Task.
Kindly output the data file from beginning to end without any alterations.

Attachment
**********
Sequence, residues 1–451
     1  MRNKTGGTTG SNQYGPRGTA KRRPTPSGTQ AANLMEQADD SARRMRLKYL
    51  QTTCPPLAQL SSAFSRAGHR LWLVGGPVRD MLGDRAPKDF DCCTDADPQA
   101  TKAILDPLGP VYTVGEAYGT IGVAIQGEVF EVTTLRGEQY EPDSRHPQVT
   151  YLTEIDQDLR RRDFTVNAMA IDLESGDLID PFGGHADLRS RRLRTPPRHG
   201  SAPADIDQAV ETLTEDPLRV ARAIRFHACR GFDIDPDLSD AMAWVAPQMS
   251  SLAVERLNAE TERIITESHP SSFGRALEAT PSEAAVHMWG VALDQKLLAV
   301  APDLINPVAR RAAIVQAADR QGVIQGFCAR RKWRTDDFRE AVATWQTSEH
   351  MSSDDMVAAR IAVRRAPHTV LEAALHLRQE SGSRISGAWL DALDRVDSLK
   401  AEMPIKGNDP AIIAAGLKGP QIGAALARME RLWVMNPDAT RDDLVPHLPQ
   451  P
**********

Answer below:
Sequence, residues 1–451
     1  MRNKTGGTTG SNQYGPRGTA KRRPTPSGTQ AANLMEQADD SARRMRLKYL
    51  QTTCPPLAQL SSAFSRAGHR LWLVGGPVRD MLGDRAPKDF DCCTDADPQA
   101  TKAILDPLGP VYTVGEAYGT IGVAIQGEVF EVTTLRGEQY EPDSRHPQVT
   151  YLTEIDQDLR RRDFTVNAMA IDLESGDLID PFGGHADLRS RRLRTPPRHG
   201  SAPADIDQAV ETLTEDPLRV ARAIRFHACR GFDIDPDLSD AMAWVAPQMS
   251  SLAVERLNAE TERIITESHP SSFGRALEAT PSEAAVHMWG VALDQKLLAV
   301  APDLINPVAR RAAIVQAADR QGVIQGFCAR RKWRTDDFRE AVATWQTSEH
   351  MSSDDMVAAR IAVRRAPHTV LEAALHLRQE SGSRISGAWL DALDRVDSLK
   401  AEMPIKGNDP AIIAAGLKGP QIGAALARME RLWVMNPDAT RDDLVPHLPQ
   451  P